RAND researchers examine military and national security issues across a broad spectrum — from political dissent and military training to tactical operations and reconstruction efforts — and take a long-term, global perspective. Terrorism, types of warfare, and international intervention are among the many topics RAND explores.
An examination of the transition of authority from military hands to civilians in the U.S. and Iraqi governments found lessons that could smooth the departure of U.S. forces from Afghanistan in 2014 and guide similar transitions in the future.
The experiences of the Israel Defense Forces against hybrid opponents — Hezbollah and Hamas — in the recent conflicts in Lebanon and Gaza will help the U.S. Army understand the capabilities that it and the joint force will require in the future.
U.S. plans for stability operations emphasize a "whole of government" approach in which civilian and military agency efforts reflect a common U.S. strategy, but such an approach has been difficult to implement in practice. How can the Army assist in making key civilian agencies more capable partners in the planning and execution of stability, security, transition, and reconstruction (SSTR) operations?
A RAND study of the challenges that reserve component service members and their families face after deployment and the factors that contribute to successful reintegration led to a series of recommendations for the U.S. Department of Defense.
Provides an overview of research on how observable behavioral indicators might be used to detect potential violent attacks, such as by suicide terrorists or those laying improvised explosive devices.
This research brief summarizes the findings of a project that sought to identify common strategies used by practitioners in various professions, from professional sports to Navy SEALs, to respond to unexpected events.
This research challenges the assumption that the timing of deployments and their distribution over time are serially independent, arguing that military interventions occur in temporal clusters driven by the number of interventions in the recent past.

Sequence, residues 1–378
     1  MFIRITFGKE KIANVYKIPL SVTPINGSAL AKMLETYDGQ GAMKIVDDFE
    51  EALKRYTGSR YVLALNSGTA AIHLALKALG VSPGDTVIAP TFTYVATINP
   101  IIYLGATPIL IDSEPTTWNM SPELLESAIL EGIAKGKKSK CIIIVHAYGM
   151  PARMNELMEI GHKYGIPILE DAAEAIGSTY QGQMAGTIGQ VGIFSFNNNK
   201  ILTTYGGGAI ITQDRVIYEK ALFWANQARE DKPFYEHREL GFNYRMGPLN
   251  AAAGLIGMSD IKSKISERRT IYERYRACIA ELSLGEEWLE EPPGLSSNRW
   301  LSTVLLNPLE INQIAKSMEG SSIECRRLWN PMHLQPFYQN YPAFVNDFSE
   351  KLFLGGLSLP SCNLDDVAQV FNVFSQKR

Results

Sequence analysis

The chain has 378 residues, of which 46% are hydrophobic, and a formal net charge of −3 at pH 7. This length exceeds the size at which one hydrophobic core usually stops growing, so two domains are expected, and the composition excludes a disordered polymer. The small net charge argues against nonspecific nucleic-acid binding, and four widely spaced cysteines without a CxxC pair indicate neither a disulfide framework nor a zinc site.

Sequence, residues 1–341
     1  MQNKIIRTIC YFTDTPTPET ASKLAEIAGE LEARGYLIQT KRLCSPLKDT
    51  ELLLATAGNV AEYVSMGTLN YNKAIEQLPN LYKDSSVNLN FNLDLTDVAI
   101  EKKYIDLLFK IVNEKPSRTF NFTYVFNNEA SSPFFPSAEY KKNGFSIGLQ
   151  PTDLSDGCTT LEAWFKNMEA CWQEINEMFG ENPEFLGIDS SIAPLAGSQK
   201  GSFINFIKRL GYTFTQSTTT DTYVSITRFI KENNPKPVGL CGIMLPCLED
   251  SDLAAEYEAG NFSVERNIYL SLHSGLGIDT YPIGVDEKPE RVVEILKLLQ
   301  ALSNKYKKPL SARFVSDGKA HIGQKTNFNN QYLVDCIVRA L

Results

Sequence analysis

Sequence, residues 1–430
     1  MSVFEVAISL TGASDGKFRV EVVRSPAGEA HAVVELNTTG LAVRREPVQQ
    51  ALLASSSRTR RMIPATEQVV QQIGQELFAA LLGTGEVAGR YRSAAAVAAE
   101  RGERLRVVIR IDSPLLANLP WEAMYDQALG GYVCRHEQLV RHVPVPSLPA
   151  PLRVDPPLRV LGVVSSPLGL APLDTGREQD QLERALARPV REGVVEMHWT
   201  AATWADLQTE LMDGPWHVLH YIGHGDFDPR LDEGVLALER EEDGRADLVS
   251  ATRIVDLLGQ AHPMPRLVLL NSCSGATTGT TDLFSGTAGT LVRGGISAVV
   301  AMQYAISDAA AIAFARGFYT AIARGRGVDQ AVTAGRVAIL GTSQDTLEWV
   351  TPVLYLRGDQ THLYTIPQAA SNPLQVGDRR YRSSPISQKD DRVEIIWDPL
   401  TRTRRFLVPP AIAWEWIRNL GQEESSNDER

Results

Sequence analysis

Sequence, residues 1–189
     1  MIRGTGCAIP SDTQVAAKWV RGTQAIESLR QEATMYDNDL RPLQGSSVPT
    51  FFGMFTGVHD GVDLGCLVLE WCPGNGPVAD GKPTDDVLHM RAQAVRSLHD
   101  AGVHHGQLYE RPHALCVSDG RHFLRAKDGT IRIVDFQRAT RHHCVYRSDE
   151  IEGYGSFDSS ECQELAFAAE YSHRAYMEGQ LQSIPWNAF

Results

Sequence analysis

American interests in the Western Pacific depend on sea power. Yet China views nearby U.S. sea power as a threat, a counterweight to its regional interests, and a potential barrier to its access to the world's oceans, resources, and markets. David C. Gompert explores the future relationship between U.S. and Chinese sea power.
U.S. Army Special Operations Command wants to enhance the contributions of Army National Guard Special Forces and move toward making them a purpose-driven force, that is, organized and employed to take advantage of their particular experience.
This study analyzes the impact of planned defense budget cuts on the capabilities of seven key European members of NATO and suggests ways in which the Alliance can adapt to meet emerging security challenges.
Minimalist stabilizations — small-scale interventions designed to stabilize a partner government engaged in violent conflict — have both utility and limitations. This report proposes policy recommendations to improve the outcomes of such operations.
This research brief offers an overview of the effectiveness of U.S. psychological operations in Afghanistan from 2001 to 2010, with particular attention to how well messages and themes were tailored to target audiences.
The authors identify factors critical to the coalition victory over Jaish al-Mahdi in the 2008 Battle of Sadr City and describe a new model for dealing with insurgent control of urban areas.
With regard to Army families, the study examines the effects of long and frequent parental deployments on children’s academic performance as well as their emotional and behavioral well-being in the school setting.
Helps to develop an integrated strategy for building partner capacity for stability operations through an analysis of key strategic elements within the context of BPC and stability operations guidance as well as ongoing security cooperation programs.
Describes the methodology used to develop resource allocation and forward positioning recommendations for the sustainment stock portion of Army pre-positioned stocks, given a specific scenario and budget.
Describes a framework for thinking about commanders' critical information needs in countersurgency operations and offers practical ways for commanders to integrate influence activities into combined arms planning and assessment.
Analyzes how the Army might use a rotational strategy to reduce equipment in early phases of the Army Force Generation cycle, how changes might be applied to units and equipment, and how changes might affect near- and far-term budgets.
Describes a new equipping strategy for the Army's Combat Support Hospitals.
The U.S. Army needs to improve its ability to command and control joint, interagency, and multinational forces in diverse environments, and to prepare Army headquarters to perform as components of, or headquarters for, joint task forces.